A Norman medieval chronicler claimed that Robert travelled to Normandy in 1051 or 1052 and told Duke William of Normandy, the future William the Conqueror, that Edward wished for him to become his heir. The exact timing of Robert's trip, and whether he actually made it, have been the subject of debate among historians. The archbishop died in exile at Jumièges sometime between 1052 and 1055. Robert commissioned significant building work at Jumièges and was probably involved in the first Romanesque building in England, the church built in Westminster for Edward the Confessor, now known as Westminster Abbey. Robert's treatment by the English was used by William the Conqueror as one of the justifications for his invasion of England. (Full article...)

Selected quotation

" A mighty mass of brick, and smoke, and shipping,
Dirty and dusty, but as wide as eye
Could reach, with here and there a sail just skipping
In sight, then lost amidst the forestry
Of masts; a wilderness of steeples peeping
On tiptoe through their sea-coal canopy;
A huge, dun cupola, like a foolscap crown
On a fool's head--and there is London Town.
Lord Byron, Don Juan (1818–24), Canto X, Stanza 82

Did you know...

V&A Museum of Childhood.jpg
  • ...that the Dulwich Picture Gallery opened in 1817 with a collection assembled for a never-realised Polish national gallery, and that it was first purpose-built public art gallery in England?
  • ...that the remains of London's Roman amphitheatre can be found in the basement of the Guildhall Art Gallery?
  • ...that the Secretum was the name given to a cupboard in the British Museum containing a collection of supposed ancient erotica, which in fact largely consisted of Victorian fakes?

General images

The following are images from various London-related articles on Wikipedia.


London has one of the oldest and largest public transport systems in the world. Many components of its transport system, such as the double-decker bus, the Hackney Carriage black taxi and the Tube, are internationally recognised symbols of London.

The majority of transport services in the capital are provided by Transport for London (TfL), an executive agency of the Mayor of London. The Oyster card is accepted as payment across most TfL-controlled transport modes. In the past ten years TfL has invested heavily in walking and cycling to promote more sustainable travel choices in London, including a Velib-style bike hire scheme which opened in Summer 2010.

Routemaster LDS402A.jpg Hackney carriage.jpg Westminster.tube.station.jubilee.arp.jpg Tramlink-Beckenham Jn.jpg BA Planes T4 2004.jpg

London has a comprehensive rail network with several major railway stations. London has two international train stations, at St. Pancras railway station and Stratford International, which connect London to mainland Europe through the Eurostar service. London also has six international airports.

In addition to public transport, London is the start point for a number of motorway routes. The M25 is an orbital motorway which enables vehicles to avoid travelling through central London and is one of the busiest motorways in Europe.

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1908 Summer Olympics medal table · 1910 London to Manchester air race · 1948 Summer Olympics medal table · 1993 Boat Race · 2003 Boat Race · 2012 Boat Race · Albert Bridge · Aldwych tube station · Anne of Denmark · Harriet Arbuthnot · Arsenal F.C. · History of Arsenal F.C. (1886-1966) · Albert Stanley, 1st Baron Ashfield · Alice Ayres · Baden-Powell House · BAE Systems · Baker Street and Waterloo Railway · Enid Blyton · Battersea Bridge · Battle of Barnet · Horatio Bottomley · David Bowie · Boydell Shakespeare Gallery · Brown Dog affair · Bruce Castle · Buckingham Palace · William Henry Bury · Kate Bush · Elizabeth Canning · Caroline of Ansbach · Central London Railway · Charing Cross, Euston and Hampstead Railway · Charles II of England · Chief Mouser to the Cabinet Office · Chelsea Bridge · Chelsea F.C. · Christopher Smart's asylum confinement · Churches preserved by the Churches Conservation Trust in Southeast England · City and South London Railway · Cleveland Street scandal · Cock Lane ghost · Covent Garden · Noël Coward · Charles Darwin · East End of London · Edward III of England · Edward VI of England · Elizabeth I of England · English National Opera · Edmund Evans · An Experiment on a Bird in the Air Pump · Gilbert Foliot · Former and unopened London Underground stations · Robin Friday · Prince George of Denmark · George IV of the United Kingdom · John Gielgud · Gray's Inn · Great Fire of London · Great Northern, Piccadilly and Brompton Railway · Great Stink · Stanley Green · Joseph Grimaldi · Gropecunt Lane · Richard Hakluyt · Harris's List of Covent Garden Ladies · Death of Jimi Hendrix · Her Majesty's Theatre · Herne Hill railway station · Georgette Heyer · Henry III of England · Charles Holden · Hoxne Hoard · Len Hutton · Iranian Embassy siege · Jack the Ripper · Jack the Ripper: The Final Solution · Hattie Jacques · James VI and I · Samuel Johnson · Early life of Samuel Johnson · The Kinks · Cosmo Gordon Lang · George Lansbury · Dan Leno · Marie Lloyd · Local nature reserves in Greater London · London Necropolis Company · London Underground stations · John Bingham, 7th Earl of Lucan · The Magdalen Reading · Marshalsea · Mary II of England · Mellitus · Memorial to Heroic Self-Sacrifice · Metropolitan Railway · Henry Moore · Motörhead · Noel Park · Laurence Olivier · Emmeline Pankhurst · Peep Show episodes · Frank Pick · Peasants' Revolt · Pig-faced women · Harold Pinter · Postman's Park · Queens Park Rangers F.C. players · RAF Northolt · RAF Uxbridge · Talbot Baines Reed · Restoration spectacular · Richard II of England · Ralph Richardson · Richmond Bridge · Robert of Jumièges · Rokeby Venus · Rosetta Stone · Royal Gold Cup · Royal National College for the Blind · The Royal Opera · Sex Pistols · William Shakespeare · Jack Sheppard · Sites of Special Scientific Interest in Greater London · Edgar Speyer · Streatham portrait · Tallest buildings and structures in London · Terry-Thomas · Theatre Royal, Drury Lane · Murder of Julia Martha Thomas · Three Studies for Figures at the Base of a Crucifixion · Timeline of the London Underground · Death of Ian Tomlinson · Tower of London · Turner Prize winners and nominees · Dick Turpin · Underground Electric Railways Company of London · Vauxhall Bridge · Venues of the 1948 Summer Olympics · Wandsworth Bridge · Whitechapel Murders · William Wilberforce · William III of England · William the Conqueror · Winners of the London Marathon · Mary Wollstonecraft · Timeline of Mary Wollstonecraft · Henry Wood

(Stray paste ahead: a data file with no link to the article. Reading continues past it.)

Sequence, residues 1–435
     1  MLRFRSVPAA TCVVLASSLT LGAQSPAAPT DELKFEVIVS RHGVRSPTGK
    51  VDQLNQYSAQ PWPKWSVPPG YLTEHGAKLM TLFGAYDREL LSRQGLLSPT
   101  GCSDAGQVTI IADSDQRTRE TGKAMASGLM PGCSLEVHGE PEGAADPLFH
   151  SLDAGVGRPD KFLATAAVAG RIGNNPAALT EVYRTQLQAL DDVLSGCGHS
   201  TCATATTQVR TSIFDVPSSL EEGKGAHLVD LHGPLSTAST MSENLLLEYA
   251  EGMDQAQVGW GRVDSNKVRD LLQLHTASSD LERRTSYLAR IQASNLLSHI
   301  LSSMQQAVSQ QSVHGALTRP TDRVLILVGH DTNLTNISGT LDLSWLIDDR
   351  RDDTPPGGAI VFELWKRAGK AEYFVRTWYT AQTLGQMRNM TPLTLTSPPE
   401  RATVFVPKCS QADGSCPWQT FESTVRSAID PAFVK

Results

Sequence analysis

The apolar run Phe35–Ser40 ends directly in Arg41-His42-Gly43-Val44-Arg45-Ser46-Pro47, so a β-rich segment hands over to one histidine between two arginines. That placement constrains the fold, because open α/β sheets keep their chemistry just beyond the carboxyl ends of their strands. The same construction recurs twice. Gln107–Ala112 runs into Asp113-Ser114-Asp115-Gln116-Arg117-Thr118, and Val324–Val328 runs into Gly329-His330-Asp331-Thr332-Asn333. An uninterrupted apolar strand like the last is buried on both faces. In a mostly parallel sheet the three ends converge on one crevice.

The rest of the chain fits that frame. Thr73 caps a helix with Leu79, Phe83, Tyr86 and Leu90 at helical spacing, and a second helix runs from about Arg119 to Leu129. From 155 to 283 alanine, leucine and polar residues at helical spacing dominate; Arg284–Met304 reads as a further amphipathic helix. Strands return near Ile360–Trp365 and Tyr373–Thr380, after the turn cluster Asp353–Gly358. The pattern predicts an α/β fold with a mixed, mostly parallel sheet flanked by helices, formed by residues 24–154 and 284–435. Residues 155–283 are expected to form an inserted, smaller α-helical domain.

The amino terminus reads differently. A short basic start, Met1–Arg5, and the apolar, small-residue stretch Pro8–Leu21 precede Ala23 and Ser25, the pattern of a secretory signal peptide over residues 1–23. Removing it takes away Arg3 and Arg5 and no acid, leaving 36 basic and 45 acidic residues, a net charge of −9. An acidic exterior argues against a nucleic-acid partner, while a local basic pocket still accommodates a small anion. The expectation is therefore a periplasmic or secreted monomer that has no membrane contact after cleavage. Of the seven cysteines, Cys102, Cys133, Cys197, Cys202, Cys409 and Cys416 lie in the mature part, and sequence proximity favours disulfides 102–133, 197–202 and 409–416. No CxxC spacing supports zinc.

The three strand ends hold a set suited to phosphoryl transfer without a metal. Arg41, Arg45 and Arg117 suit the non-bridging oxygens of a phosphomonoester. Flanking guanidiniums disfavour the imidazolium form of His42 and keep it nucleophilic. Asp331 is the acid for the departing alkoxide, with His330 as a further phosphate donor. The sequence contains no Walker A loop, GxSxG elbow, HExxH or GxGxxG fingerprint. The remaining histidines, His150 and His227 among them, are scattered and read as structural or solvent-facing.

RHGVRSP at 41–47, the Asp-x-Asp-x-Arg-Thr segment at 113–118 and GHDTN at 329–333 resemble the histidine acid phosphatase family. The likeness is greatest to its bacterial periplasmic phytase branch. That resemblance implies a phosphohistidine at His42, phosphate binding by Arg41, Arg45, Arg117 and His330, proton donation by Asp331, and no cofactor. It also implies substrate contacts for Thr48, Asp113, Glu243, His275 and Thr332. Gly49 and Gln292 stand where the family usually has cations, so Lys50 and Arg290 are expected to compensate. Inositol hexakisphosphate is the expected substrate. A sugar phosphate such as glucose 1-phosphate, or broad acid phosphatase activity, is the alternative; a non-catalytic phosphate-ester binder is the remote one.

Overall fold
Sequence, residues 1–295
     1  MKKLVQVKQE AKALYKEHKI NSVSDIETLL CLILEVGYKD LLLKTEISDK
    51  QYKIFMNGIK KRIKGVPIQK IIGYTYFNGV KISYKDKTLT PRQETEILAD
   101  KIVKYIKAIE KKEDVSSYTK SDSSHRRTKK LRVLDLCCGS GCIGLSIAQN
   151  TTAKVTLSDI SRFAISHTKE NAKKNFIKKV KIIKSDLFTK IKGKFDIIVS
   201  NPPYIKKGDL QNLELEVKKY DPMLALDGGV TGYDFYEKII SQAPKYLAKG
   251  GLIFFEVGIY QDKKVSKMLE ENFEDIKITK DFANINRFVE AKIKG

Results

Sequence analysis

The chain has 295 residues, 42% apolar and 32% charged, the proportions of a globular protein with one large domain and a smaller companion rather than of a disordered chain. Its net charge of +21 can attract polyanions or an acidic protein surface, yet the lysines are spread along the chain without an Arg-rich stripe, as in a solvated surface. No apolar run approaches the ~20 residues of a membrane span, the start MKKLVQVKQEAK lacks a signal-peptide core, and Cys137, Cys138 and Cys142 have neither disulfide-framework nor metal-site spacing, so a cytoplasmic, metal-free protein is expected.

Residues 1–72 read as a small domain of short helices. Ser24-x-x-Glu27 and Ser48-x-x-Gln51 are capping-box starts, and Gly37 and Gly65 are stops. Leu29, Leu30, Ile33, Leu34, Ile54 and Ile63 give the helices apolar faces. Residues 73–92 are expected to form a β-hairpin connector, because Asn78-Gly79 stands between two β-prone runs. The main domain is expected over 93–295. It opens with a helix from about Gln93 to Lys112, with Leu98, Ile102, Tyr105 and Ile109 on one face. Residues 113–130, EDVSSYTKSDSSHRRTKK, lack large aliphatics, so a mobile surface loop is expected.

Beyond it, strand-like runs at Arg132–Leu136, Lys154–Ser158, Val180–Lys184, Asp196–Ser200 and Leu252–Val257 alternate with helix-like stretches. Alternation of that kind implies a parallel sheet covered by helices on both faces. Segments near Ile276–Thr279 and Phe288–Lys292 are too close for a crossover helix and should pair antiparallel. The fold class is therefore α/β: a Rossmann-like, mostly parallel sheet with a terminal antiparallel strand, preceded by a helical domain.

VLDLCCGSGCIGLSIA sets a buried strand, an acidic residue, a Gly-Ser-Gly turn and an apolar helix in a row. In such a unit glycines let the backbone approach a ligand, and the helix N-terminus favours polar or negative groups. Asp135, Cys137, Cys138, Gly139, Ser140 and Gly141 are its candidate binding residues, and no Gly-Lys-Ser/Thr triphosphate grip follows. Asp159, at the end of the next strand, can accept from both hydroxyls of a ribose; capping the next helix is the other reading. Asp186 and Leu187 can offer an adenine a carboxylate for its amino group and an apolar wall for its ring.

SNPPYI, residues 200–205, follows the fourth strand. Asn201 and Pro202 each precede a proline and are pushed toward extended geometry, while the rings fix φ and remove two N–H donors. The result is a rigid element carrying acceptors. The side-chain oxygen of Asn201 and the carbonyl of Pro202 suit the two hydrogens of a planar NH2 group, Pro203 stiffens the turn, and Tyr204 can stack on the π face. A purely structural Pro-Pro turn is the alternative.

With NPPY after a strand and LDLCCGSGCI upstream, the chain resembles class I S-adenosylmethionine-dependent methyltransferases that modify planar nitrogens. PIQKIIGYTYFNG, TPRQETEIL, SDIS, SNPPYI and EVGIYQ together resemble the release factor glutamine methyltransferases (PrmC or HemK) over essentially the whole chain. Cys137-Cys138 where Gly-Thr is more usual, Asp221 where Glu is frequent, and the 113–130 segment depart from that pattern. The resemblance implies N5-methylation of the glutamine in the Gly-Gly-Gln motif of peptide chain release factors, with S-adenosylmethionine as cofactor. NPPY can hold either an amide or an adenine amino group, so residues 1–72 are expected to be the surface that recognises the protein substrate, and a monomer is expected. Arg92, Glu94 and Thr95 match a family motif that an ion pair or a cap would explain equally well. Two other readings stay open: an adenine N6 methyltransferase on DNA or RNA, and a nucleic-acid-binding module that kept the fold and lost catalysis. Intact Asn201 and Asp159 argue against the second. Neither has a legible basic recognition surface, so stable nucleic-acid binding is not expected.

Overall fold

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1836 Boat Race · 1839 Boat Race · 1840 Boat Race · 1841 Boat Race · 1842 Boat Race · 1845 Boat Race · 1846 Boat Race · 1849 (March) Boat Race · 1849 (December) Boat Race · 1852 Boat Race · 1854 Boat Race · 1856 Boat Race · 1857 Boat Race · 1860 Boat Race · 1861 Boat Race · 1866 Boat Race · 1867 Boat Race · 1868 Boat Race · 1869 Boat Race · 1870 Boat Race · 1871 Boat Race · 1873 Boat Race · 1875 Boat Race · 1876 Boat Race · 1878 Boat Race · 1880 Boat Race · 1881 Boat Race · 1882 Boat Race · 1883 Boat Race · 1884 Boat Race · 1888 Boat Race · 1889 Boat Race · 1890 Boat Race · 1891 Boat Race · 1892 Boat Race · 1893 Boat Race · 1894 Boat Race · 1897 Boat Race · 1898 Boat Race · 1899 Boat Race · 1901 Boat Race · 1903 Boat Race · 1904 Boat Race · 1905 Boat Race · 1906 Boat Race · 1907 Boat Race · 1908 Boat Race · 1909 Boat Race · 1911 Boat Race · 1920 Boat Race · 1921 Boat Race · 1922 Boat Race · 1923 Boat Race · 1924 Boat Race · 1925 Boat Race · 1927 Boat Race · 1928 Boat Race · 1929 Boat Race · 1930 Boat Race · 1932 Boat Race · 1948 Summer Olympics torch relay · 1950 Boat Race · 1951 Boat Race · 1952 Boat Race · 1953 Boat Race · 1954 Boat Race · 1955 Boat Race · 1956 Boat Race · 1957 Boat Race · 1958 Boat Race · 1961 Boat Race · 1963 Boat Race · 1964 Boat Race · 1965 Boat Race · 1966 Boat Race · 1967 Football League Cup Final · 1968 Boat Race · 1970 Boat Race · 1971 Boat Race · 1973 Boat Race · 1974 Boat Race · 1975 Boat Race · 1976 Boat Race · 1977 Boat Race · 1978 Boat Race · 1979 Boat Race · 1980 Boat Race · 1981 Boat Race · 1982 Boat Race · 1983 Boat Race · 1984 Boat Race · 1985 Boat Race · 1986 Boat Race · 1987 Boat Race · 1988 Boat Race · 1989 Boat Race · 1990 Boat Race · 1991 Boat Race · 1992 Boat Race · 1993 Bishopsgate bombing · 1994 Boat Race · 1995 Boat Race · 1996 Boat Race · 1997 Boat Race · 1997-98 Arsenal F.C. season · 1998 Boat Race · 1999 Boat Race · 1999 FA Charity Shield · 2000 Boat Race · 2001 Boat Race · 2002 Boat Race · 2003 Boat Race · 2004 Boat Race · 2005 Boat Race · 2006 Boat Race · 2007 Boat Race · 2008 Boat Race · 2009 Boat Race · 2010 Boat Race · 2011 Boat Race · 2012 Summer Olympics opening ceremony · 2012 Summer Paralympics · 2013 Boat Race · 2014 Boat Race · 34 Montagu Square, Marylebone · A1 road in London · A215 road · Abbey Mills Mosque · Henry Allingham · Murder of Tom ap Rhys Pryce · Arsenal Stadium · Cicely Mary Barker · Joey Barton · Battersea Power Station · Baynard's Castle · BBC Symphony Orchestra · Kate Beckinsale · Belgian government in exile · Tony Benn · The Bill · Blackadder II · Blackwall Tunnel · Bloc Party · BOAC Flight 712 · Ernest Radcliffe Bond · James Bond · Boosey & Hawkes · Bow Back Rivers · John Boydell · British Airways · History of British Airways · British Asian Cup · British Library · Burney Relief · Cad and the Dandy · Cannons (house) · Casino Royale (1967 film) · Chiswick Bridge · Anjem Choudray · Churchill War Rooms · City of London School · The Clash · Murder of Victoria Climbié · Coldplay · College of Arms · Cranham · Elizabeth Cresswell · Charles Cruft · Crystal Palace · Crystal Palace Dinosaurs · Crystal Palace F.C. · History of Crystal Palace F.C. · Cyrus Cylinder · Daniel Day-Lewis · Death of Keith Blakelock · Denmark Street · Deptford · Dilwale Dulhania Le Jayenge · Dinner by Heston Blumenthal · District Railway · Doctor Who Prom (2008) · Doomsday(film) · The Dorchester · Down Street tube station · Dubstep · Dunstan · Eastcote House Gardens · Edward I of England · Embankment tube station · Emirates Stadium · Leo Fortune-West · Garrick's Temple to Shakespeare · Girlschool · Gloucester Road tube station · Mauricio González-Gordon y Díez · Gordon Ramsay Plane Food · Great Plague of London · Hugh Grant · Great Reality TV Swindle · Green Wing · George Grossmith · Gulf Oil · HMS Belfast (C35) · Hammerton's Ferry · Harmondsworth Great Barn · Hibiscus (restaurant) · Highgrove House, Eastcote · Hillingdon House · Holborn tube station · Edward Hollamby · Hot Fuzz · Anne Hyde · Ickenham · Imperial War Museum · Inns of Chancery · Iron Maiden · Jewel Tower · Kabhi Khushi Kabhie Gham... · Kingstonian F.C. · Knife Edge Two Piece 1962-65 · Nigella Lawson · Lemmons · Bernard Levin · Ken Livingstone · London · London Necropolis Railway · London Necropolis railway station · London Philharmonic Orchestra · London Symphony Orchestra · M11 link road protest · Madness (band) · Manor Farm, Ruislip · George Martin · Karl Marx · Mary I of England · Match Point · Freddie Mercury · Middlesex · Ed Miliband · Millwall F.C. · Millwall F.C.-West Ham United F.C. rivalry · Mongrels (TV series) · Morden tube station · William Morris · Carey Mulligan · National Gallery · National Police Memorial · NatWest · Horatio Nelson, 1st Viscount Nelson · Isaac Newton · Notting Hill · Old St Paul's Cathedral · One Direction · Paper War of 1752-1753 · Charles Pearson · Pétrus (restaurant) · Prince Rupert of the Rhine · Quatermass and the Pit (film) · Queen's Hall · Question Time 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Vauxhall Gardens · Vindolanda tablets · Wall Street: Money Never Sleeps · Wanderers F.C. · Rachel Weisz · West Ham United F.C. · Westminster tube station · The Who · Oscar Wilde · Amy Winehouse · White Lies (band) · Wimbledon and Sutton Railway · Anna Wintour · Woolwich Ferry · Wulfstan · The Young Victoria